Macrophages from lupus-prone MRL mice have a conditional signaling abnormality that leads to dysregulated expression of numerous genes
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Macrophages (mϕ) from pre-diseased mice of the major murine inbred models of spontaneous autoimmunity (AI), including multiple lupus-prone strains and the type I diabetes-prone NOD (non-obese diabetic) strain, have identical apoptotic target-dependent abnormalities. This characteristic feature of mϕ from AI-prone mice suggests that abnormal signaling events induced within mϕ following their interaction with apoptotic targets may predispose to AI. Such signaling abnormalities would affect predominantly the processing and presentation of self-antigen (i.e., derived from apoptotic targets), while sparing the processing and presentation of foreign antigen (i.e., derived from non-apoptotic sources). Here, we used DNA microarrays to test the hypothesis that mϕ from AI-prone mice (MRL/MpJ [MRL/+] or MRL/MpJ-Tnfrsf6 lpr [MRL/lpr]) differentially express multiple genes in comparison to non-AI mϕ (BALB/c), but do so in a largely apoptotic cell-dependent manner. Mϕ were stimulated with lipopolysaccharide, a potent innate stimulus, in the presence or absence of serum (an experimental surrogate for apoptotic targets). In accord with our hypothesis, the number of genes differentially expressed by MRL mϕ was significantly increased in the presence vs. the absence of serum, the apoptotic target surrogate (n = 401 vs. n = 201). Notably, for genes differentially expressed by MRL mϕ in the presence of serum, serum-free culture normalized their expression to a level statistically indistinguishable from that by non-AI mϕ. Comparisons of mϕ from AI-prone NOD and non-AI C57BL/6 mice corroborated these findings. Together, these data support the hypothesis that mϕ from MRL and other AI-prone mice are characterized by a conditional abnormality elicited by serum lipids or apoptotic targets.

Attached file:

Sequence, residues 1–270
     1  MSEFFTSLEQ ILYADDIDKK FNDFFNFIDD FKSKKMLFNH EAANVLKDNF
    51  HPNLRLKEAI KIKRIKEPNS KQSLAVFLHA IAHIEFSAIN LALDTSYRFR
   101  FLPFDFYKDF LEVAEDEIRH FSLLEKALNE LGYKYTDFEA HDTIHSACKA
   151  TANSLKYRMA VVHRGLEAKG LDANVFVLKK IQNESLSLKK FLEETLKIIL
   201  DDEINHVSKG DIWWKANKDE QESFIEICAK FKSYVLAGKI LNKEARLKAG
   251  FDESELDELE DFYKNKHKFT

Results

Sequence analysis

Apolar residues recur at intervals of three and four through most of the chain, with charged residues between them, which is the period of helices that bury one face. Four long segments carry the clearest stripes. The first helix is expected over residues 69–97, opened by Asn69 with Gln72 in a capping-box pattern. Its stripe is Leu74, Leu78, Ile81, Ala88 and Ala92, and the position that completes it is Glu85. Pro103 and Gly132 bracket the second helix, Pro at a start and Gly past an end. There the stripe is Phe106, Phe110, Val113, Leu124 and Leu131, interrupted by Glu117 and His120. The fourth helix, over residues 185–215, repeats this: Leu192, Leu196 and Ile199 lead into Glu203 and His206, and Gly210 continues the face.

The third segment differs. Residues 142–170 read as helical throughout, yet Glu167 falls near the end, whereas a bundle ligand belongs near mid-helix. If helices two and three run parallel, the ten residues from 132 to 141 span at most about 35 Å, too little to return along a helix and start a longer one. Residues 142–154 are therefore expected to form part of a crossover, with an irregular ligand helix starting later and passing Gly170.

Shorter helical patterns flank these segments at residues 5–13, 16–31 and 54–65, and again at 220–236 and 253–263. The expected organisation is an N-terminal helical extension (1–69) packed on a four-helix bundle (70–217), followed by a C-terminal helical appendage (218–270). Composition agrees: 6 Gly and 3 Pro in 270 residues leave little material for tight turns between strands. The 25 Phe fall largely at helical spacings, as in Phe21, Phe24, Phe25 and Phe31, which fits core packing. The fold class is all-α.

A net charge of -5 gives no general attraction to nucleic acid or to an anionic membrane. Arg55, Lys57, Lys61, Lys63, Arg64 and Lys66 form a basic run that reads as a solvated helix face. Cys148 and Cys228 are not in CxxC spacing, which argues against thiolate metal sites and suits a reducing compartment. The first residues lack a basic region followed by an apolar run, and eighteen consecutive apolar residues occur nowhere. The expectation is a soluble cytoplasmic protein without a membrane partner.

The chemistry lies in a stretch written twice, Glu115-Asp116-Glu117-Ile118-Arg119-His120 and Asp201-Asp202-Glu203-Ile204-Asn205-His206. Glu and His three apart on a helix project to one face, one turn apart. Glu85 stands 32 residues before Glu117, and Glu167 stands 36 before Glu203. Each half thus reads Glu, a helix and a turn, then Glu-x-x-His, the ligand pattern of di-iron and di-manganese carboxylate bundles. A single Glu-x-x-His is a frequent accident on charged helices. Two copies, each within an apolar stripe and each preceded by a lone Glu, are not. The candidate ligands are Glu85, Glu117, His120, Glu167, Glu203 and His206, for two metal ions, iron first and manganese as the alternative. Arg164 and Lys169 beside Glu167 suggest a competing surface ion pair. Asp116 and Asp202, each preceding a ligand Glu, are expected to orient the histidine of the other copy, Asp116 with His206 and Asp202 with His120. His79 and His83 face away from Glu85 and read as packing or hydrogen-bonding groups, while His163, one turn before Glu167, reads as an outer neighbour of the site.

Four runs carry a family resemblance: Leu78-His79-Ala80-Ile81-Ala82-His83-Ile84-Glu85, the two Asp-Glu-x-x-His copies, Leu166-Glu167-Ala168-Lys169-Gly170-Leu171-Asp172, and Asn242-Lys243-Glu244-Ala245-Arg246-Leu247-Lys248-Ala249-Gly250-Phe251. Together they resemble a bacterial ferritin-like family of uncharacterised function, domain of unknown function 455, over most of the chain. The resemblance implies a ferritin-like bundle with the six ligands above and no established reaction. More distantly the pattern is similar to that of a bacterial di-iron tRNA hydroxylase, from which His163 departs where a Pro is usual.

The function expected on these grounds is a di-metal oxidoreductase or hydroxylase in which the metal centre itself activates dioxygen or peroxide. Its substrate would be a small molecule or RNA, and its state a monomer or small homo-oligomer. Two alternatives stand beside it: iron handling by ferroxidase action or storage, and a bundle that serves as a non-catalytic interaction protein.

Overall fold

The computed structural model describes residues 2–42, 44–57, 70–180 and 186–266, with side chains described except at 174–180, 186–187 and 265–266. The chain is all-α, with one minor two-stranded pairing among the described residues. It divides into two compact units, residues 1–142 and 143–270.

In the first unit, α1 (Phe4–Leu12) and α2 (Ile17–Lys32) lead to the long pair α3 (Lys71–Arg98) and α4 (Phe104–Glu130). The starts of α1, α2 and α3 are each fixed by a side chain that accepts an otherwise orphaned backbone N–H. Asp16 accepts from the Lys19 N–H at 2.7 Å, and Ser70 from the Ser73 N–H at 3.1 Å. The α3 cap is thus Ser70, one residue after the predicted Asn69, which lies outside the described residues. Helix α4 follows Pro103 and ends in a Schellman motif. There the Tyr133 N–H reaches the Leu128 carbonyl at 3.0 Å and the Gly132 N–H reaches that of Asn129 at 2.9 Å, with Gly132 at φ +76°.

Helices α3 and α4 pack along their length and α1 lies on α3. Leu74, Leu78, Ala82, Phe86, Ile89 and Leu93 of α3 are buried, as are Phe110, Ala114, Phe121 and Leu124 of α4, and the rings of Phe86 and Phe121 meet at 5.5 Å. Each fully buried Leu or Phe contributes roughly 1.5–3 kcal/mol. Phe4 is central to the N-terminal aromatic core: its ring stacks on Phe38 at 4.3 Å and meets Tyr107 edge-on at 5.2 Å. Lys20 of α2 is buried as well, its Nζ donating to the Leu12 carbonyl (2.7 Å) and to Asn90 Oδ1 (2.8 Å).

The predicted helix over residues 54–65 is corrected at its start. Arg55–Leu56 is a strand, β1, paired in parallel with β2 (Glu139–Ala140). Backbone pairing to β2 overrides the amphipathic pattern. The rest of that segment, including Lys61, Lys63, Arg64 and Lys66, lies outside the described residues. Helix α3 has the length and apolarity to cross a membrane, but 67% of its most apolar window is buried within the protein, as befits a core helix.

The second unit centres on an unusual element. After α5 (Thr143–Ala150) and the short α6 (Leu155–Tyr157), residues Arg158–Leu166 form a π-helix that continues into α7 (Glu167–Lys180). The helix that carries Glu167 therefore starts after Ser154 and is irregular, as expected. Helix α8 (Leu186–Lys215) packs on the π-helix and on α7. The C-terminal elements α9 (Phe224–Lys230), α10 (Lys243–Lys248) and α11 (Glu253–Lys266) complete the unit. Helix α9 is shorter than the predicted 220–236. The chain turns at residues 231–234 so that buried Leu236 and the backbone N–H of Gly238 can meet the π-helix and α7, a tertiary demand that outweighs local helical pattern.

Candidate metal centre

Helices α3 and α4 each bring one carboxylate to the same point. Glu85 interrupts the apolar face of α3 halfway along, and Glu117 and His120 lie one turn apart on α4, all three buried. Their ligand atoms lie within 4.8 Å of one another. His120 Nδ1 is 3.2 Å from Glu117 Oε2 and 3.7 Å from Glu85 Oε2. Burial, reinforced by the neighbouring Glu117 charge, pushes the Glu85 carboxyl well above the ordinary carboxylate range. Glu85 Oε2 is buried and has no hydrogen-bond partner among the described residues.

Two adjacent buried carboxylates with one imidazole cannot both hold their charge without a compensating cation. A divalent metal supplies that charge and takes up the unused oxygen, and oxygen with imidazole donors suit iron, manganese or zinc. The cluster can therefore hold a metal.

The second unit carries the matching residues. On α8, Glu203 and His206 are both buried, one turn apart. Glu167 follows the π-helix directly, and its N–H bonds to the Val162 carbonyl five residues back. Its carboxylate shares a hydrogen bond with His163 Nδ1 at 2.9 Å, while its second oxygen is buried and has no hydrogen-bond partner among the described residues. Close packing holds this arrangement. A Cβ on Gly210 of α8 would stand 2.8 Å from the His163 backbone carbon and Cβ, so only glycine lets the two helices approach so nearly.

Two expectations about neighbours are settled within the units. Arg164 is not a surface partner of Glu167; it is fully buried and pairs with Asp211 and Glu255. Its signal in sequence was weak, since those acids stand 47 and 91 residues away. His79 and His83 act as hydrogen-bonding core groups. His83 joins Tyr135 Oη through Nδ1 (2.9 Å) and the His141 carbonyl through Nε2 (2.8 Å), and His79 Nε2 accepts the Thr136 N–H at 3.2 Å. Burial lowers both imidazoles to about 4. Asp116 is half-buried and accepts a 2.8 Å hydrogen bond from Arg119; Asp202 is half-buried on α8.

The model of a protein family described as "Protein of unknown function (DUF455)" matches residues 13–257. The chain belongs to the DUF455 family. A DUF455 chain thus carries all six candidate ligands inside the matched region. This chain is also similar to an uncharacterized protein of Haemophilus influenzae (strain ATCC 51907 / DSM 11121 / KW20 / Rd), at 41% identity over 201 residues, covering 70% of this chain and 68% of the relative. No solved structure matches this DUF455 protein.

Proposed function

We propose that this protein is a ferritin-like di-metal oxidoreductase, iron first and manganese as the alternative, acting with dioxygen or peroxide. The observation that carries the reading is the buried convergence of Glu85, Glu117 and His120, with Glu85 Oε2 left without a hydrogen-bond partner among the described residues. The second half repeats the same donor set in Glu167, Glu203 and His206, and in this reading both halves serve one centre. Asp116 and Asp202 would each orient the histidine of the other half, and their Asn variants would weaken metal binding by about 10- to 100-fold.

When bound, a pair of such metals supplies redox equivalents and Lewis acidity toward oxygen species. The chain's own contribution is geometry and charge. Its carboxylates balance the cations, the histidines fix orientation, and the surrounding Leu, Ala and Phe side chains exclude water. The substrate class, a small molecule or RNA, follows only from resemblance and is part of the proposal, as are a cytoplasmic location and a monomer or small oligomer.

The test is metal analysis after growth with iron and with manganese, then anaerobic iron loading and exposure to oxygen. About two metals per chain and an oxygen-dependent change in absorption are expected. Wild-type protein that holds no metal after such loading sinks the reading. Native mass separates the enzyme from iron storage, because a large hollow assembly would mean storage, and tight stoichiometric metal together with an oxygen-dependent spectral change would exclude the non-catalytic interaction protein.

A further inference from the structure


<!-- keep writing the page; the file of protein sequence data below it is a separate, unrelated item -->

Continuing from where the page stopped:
KeywordsRodent Autoimmunity Lupus Macrophage Diabetes Apoptosis
This work was supported by: National Institutes of Health grants DK59793 (to JSL) and HL69722 (to JSL); National Institutes of Health training grant T32DK07510 (to AA); Canadian Institute of Health Research grants MOP-42391 (to JR) and MOP-67101 (to JR); and a Genzyme Renal Innovation Program award from Genzyme, Inc (to JSL). The authors thank the University of Chicago Functional Genomics Facility, headed by Richard Quigg, and especially Xinmin Li, Jaejung Kim, Jamie Zhou, Chris Dyanov, and Miglena Petkova, for cRNA labeling and hybridization.
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